Everybody feels persecuted. The odd thing, Arthur Miller’s character Dr Harry Hyman tells us, is that nobody admits to doing the persecuting.
Certainly Phillip Gellburg, the main protagonist in Broken Glass, feels persecuted.
He feels persecuted by his wife Sylvia (played perfectly by Susan Danford) who has lost the use of her legs upon reading in the papers of the concurrent events of Kristallnacht where the Nazis smashed the windows of thousands of Jewish-owned shops, homes and synagogues before rounding them up into concentration camps. But mostly he feels persecuted because he is a Jew in the white Anglo-Saxon world of Brooklyn, New York, circa 1938. And he hates Jews. That he is impotent to change the his identity has deeper ramifications, and given Sylvia’s paralysis, it could be argued that it is impotence, not a sense of being personally persecuted, that is at the heart of the play.
But a perusal of some of Miller’s better known plays such as The Crucible, Death of a Salesman and A View from the Bridge, combined with an overview of events in his life, lead to a hypothesis that a false sense of persecution and its accompanying self-deceit and paranoia is a recurrent theme in his work. But perhaps impotence and a false sense of persecution go hand-in-hand.
“The world is against me, what can I do?” Is a line that could well exist in this play (spoken in a broad Brooklyn accent – the kind which all the actors maintained a mastery of through all their lines).
Miller certainly appeared to have been deeply disturbed by the paranoiac McCarthy era during which thousands of Americans were unfairly persecuted (and rendered impotent). McCarthy’s House Un-American Activities Committee (HUAC) denied him a passport to see the opening of The Crucible in London in 1954. Miller was sub-poened to appear before the HUAC in 1956 and, after refusing to provide them with names, he was found guilty of contempt of Congress in 1957, fined, blacklisted and had his passport taken from him.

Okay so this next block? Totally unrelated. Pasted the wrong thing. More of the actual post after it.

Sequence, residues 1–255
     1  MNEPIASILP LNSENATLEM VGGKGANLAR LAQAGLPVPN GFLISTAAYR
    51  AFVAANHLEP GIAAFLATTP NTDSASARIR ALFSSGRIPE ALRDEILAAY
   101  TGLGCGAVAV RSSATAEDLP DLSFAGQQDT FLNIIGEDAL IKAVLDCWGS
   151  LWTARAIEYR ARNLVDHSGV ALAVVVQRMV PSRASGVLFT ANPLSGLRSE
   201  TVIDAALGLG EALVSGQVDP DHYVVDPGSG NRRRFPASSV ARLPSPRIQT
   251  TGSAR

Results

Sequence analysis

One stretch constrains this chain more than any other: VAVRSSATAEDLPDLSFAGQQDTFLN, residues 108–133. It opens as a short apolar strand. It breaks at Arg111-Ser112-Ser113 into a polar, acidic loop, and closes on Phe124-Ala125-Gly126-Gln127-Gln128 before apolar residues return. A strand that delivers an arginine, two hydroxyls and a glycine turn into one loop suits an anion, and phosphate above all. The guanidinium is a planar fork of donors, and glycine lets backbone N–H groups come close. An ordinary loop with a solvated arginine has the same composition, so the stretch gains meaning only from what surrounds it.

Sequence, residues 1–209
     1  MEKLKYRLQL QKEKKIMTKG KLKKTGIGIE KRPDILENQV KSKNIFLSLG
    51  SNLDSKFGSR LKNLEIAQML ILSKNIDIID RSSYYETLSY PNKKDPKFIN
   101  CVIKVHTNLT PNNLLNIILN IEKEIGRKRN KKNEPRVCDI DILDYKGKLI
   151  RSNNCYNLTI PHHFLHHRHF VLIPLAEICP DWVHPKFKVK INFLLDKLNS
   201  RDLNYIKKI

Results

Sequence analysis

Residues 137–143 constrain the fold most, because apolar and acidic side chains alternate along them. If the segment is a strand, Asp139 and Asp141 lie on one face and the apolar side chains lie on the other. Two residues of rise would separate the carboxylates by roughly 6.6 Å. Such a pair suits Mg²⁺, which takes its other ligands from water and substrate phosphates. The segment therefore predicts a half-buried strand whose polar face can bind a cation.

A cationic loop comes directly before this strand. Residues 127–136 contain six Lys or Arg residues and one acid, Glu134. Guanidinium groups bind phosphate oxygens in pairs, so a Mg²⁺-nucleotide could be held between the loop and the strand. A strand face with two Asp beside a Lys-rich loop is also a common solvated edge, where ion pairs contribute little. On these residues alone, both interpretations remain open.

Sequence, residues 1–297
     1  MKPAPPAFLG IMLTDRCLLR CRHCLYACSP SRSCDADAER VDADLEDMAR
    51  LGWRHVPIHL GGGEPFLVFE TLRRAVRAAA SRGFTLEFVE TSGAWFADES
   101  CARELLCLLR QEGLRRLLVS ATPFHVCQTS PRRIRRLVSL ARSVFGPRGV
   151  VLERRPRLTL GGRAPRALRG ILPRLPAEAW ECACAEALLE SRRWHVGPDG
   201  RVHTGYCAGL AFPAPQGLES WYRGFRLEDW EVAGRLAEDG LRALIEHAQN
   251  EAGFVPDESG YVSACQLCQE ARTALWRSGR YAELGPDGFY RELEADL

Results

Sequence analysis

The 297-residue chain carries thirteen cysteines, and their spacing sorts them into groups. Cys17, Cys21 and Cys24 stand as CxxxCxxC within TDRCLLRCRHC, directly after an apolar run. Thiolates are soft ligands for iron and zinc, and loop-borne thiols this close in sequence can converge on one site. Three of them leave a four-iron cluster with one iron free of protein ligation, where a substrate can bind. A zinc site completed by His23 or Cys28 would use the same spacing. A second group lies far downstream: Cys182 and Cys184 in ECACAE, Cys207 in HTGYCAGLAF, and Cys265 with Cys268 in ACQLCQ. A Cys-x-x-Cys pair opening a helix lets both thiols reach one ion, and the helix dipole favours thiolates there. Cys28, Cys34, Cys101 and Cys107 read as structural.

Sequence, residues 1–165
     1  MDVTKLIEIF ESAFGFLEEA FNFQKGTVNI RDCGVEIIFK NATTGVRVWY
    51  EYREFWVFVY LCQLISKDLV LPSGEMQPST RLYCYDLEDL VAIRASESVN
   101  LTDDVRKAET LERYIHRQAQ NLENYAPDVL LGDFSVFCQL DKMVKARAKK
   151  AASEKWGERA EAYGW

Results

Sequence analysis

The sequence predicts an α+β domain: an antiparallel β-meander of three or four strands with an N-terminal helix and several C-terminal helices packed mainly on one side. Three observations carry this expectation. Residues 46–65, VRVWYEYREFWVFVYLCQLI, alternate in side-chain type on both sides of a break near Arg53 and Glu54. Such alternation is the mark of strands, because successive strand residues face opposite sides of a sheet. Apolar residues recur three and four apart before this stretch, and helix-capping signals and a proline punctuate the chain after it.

At the very least, I’d be surprised if there wasn’t an English Masters thesis on Miller and the themes of persecution and impotence gathering dust on a university library shelf somewhere.
But by 1994, when Broken Glass was published, Miller appears to have come to terms with the psychology underlying the personal view that ‘the world is against me’. In the lack of clearly evident persecution such as that taken against the Jews in Europe, he appears to indicate that such a view is a self-deceit, an ever-ready excuse for failure, a justification for impotence. It is also an unnecessary tragedy, replicated in countless lives.
He tells us this through Phillip Gellburg, the man who blunders toward enlightenment as his life unravels.
In playing the part, Sir Antony Sher shows us why he was knighted. After watching acting of this calibre it is only natural to call him ‘sir’. People probably called him ‘sir’ for ages until the Queen finally gave in and laid a sword on his shoulder to make it official.
The persecution, the self-loathing, the paranoia of the character, shimmers off Sher like a mirage, making you thirst for the emotional release you hope will arrive.
Witnessing a performance like his, so superbly supported by the South African cast, is like reaching an oasis of sweet water from which you can drink deep before trekking in search of the next well.
But laying aside metaphors and similes, the production of Broken Glass at The Fugard is an example of truly magnificent theatre. It is the reason theatre exists. It is the reward we hope for every time the lights go down.
Directed by Janice Honeyman, the play also features the masterful acting of Stephen Jennings as Dr Harry Hyman, Claire Berlein as Harriet, and Patrick Lyster as Stanton Case, with Cheryl de Havilland playing a haunting Cello. –Steve Kretzmann/WCN
Broken Glass runs at The Fugard until April 16